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5 Strategies To Help Small Businesses Survive The Coronavirus Pandemic



While the ongoing coronavirus crisis has shuttered a lot of small businesses, others like the neighbourhood kirana (grocery) stores and chemists are having their moment in the spotlight. 


What can you do as a small business to first survive and then thrive?


While the big players are facing supply shortages and logistics snafus, the friendly neighbourhood grocer has sparednoeffort in garnering stock and stacking up an impressive array of delivery options.


Other small business owners would be rightly concerned about their relevance when the crisis has passed. They need to beagilein order to make the most of the revive and rebuild period. As a small business, a crisis like this can hit hard but it also is an opportunity to adapt quickly.


We have experiences where some small businesses have rallied around to deliver products either in an online format or using local delivery services in case of an emergency.


If you’re a small business owner, here are five strategies to help you get back on your feet:


1. Tap into the relief infrastructure

Find out what help is available. Be on the alert for government notifications, news reports, and influencers that talk about the various forms of revival packages that might be available to you that you might be eligible for. These could be financial, technological or community-sourced and help you take care of unavoidable costs- staff salaries, rent etc. while you wait it out. 








2. Restore Cashflow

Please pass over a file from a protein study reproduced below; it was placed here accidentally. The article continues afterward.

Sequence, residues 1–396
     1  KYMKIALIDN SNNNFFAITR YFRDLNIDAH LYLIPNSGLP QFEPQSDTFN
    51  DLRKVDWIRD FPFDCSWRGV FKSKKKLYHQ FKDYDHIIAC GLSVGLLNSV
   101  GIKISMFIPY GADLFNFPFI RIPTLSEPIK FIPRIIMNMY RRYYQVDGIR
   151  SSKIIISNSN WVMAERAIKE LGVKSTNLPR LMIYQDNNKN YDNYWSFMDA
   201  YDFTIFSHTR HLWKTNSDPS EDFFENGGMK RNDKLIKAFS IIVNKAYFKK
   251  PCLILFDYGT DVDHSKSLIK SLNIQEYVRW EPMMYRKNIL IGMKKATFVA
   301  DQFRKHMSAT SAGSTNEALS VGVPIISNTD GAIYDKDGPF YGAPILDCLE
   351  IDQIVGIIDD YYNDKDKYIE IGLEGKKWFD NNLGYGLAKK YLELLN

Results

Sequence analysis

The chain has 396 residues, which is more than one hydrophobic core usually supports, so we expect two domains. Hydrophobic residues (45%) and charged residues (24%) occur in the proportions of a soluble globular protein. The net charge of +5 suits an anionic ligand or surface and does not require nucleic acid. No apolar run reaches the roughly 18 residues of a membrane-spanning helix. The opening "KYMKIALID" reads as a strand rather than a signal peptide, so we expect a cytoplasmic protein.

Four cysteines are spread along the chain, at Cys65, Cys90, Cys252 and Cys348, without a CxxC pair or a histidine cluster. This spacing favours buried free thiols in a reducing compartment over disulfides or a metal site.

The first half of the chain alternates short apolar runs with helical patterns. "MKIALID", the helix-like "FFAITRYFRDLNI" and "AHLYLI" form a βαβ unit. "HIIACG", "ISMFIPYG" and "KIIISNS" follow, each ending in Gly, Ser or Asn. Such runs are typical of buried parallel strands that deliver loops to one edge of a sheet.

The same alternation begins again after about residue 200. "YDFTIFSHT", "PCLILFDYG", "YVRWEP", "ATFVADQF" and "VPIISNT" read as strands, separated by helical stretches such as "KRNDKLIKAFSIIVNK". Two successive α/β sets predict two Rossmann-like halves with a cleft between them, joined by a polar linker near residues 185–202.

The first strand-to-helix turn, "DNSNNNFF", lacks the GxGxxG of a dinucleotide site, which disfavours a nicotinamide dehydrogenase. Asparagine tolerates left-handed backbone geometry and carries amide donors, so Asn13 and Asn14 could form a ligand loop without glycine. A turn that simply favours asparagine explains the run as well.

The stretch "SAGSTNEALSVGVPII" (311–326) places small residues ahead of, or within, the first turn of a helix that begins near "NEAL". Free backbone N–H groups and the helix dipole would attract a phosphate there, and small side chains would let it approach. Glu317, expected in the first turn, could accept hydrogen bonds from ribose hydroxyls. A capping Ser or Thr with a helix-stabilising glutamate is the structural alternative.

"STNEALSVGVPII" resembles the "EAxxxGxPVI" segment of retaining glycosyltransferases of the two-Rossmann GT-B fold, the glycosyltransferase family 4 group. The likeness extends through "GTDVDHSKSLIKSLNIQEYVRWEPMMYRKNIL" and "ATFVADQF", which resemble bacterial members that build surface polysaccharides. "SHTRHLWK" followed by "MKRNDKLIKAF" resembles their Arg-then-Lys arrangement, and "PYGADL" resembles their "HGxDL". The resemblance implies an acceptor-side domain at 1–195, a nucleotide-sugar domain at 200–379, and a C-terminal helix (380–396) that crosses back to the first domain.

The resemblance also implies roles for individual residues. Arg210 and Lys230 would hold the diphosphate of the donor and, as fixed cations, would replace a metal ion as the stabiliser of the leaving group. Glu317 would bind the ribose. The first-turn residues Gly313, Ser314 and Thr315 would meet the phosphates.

There may be a period where you may need to liquidate what you can to fund essential regrowth. This is, however, not a time to hold back on essential vendor payments who supplied you through the crisis period. Those relationships will outlast this crisis. Look instead to reduce non-essential costs that your business can do without, in the long run.










3. Systematically plan your comeback

Not all processes have to be up and running once again immediately after the lockdown is lifted. Reestablish your supply chains for the most essential or in-demand products and services first. This will help you drum up some more starter cash to invest downstream. Focus on renewing the rest later. This is the time to pay attention to your cash-cow business units. 






4. Work with skeletal staff

Work with a minimal staff till you have enough cash and momentum to resume normal operations. Think B2B for a while. See if you can revise your product offerings to include products or services that other businesses will be in dire need of during their own rebuilding process. Network all you can to scope out these unique opportunities. 


Also communicate with your customer base by a suitable method, like email blast or a newsletter to let them know how and when you are back in business. Make it easy for them to access your product and services.


5. Be an active part of the rebuilding conversations at a policy level


Once you’ve been there, survived that, it is time to take a more active role in rebuilding your community, and that includes all internal and external stakeholders. Your first-hand experience should equip you for taking part in conversations around policy change and updation after the pandemic has passed. Your involvement in the dialogue can help your business community be prepared for future crises.

We also strongly recommend using this time to ups kill yourself as much as possible. Several good webinars, resources and books are being offered for free during this time, and that’s an opportunity you simply cannot miss.

Identify key role-players in your company and sign them up for virtual events relevant to them. They will, in turn, contribute to your business as you weather this storm.

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